Tag: Nancye Hayes

REVIEW: Manila Street Productions Presents SONDHEIM ON SONDHEIM

Musings of the man on his music

By Bradley Storer

With Sondheim on Sondheim, Manilla Street Productions assembles a star-studded cast to perform a revue of Broadway’s most prolific living composer, an evening of Stephen Sondheim’s music intercut with projections of the man himself with a variety of anecdotes and details relating to his life and song-writing. Among the cast were leading lady of Australian music theatre Lucy Maunder, Rob Guest, Endowment winner Blake Bowden, Martin Crewes, Delia Hannah, Michael Cormick, Lisa-Marie Parker, Anton Berezin and Australian theatre legend Nancye Hayes.

Sondheim on Sondheim

The structure of the show itself, songs and scenes from Sondheim’s oeuvre presented alongside exclusive interviews with the composer himself, is problematic – none of the songs can gain enough momentum to hold the audience before they are interrupted by snatches of interviews, and thus the flow of the evening drags. Sondheim himself is a charming and engaging presence onscreen, and hearing him speak on various topics is one of the joys of the performance. By the second act, the portions of Sondheim’s interview are more smartly dispersed alongside longer numbers which allow some much-needed momentum, leading to wonderful group songs like the self-parodying ‘God’, ‘Opening Doors’, ‘The Gun Song’ and ‘Smile Girls!, an Ethel Merman number cut from Gypsy.

The all-star cast seemed surprisingly tentative, too unsure to invest themselves in their individual numbers enough to perform a ‘star turn’ – which unfortunately is what revues such as this need to stay afloat. Maunder’s Act Two strip tease, ‘Ah, But Underneath’, was the closest the evening came to a show-stopper and allowed Maunder (who earlier delivers a touching performance of ‘Take Me to the World’) to unleash scintillating dance skills and charismatic sexuality, but was undercut by the entrance of the male ensemble and an oddly dissatisfying climax to the number. One of the greatest moments of the evening was the simplicity of watching Hayes grabbing a stool and taking centre stage to sing with heart-breaking simplicity the famous ‘Send in the Clowns’.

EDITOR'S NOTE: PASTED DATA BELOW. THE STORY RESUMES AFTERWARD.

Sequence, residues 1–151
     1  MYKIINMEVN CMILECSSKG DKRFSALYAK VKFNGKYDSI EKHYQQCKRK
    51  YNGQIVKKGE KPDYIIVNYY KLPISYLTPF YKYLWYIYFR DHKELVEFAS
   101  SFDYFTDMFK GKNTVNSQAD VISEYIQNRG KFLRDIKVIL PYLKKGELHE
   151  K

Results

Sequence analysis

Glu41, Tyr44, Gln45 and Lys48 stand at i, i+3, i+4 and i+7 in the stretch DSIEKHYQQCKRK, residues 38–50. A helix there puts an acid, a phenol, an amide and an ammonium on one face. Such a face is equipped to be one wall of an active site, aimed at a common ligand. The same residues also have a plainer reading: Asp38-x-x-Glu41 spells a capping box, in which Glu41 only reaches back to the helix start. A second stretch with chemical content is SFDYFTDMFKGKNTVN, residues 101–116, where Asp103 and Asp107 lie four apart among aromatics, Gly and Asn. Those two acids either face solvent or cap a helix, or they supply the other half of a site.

The orchestra, under the capable direction of Kellie Dickerson, were in great form, performing the new arrangements with great zest and skill – one mistake however was the choice of a slower tempo for the explosive ‘Franklin Shepherd Inc.’, a show-stopper that requires manic and frenetic energy to work, leaving Crewes’ valiant attempt to deliver the number underwhelming.

Sondheim on Sondheim unfortunately fails to deliver on the promise of its incredible cast and rich material, finding only moments here and there which capture the deep well of emotion and beauty within’s Sondheim work – the show itself has structuring issues which certainly don’t help the creative team and need more time and finesse to overcome.

Venue: Melbourne Recital Centre, Elisabeth Murdoch Hall, corner of Southbank Boulevard and Sturt St.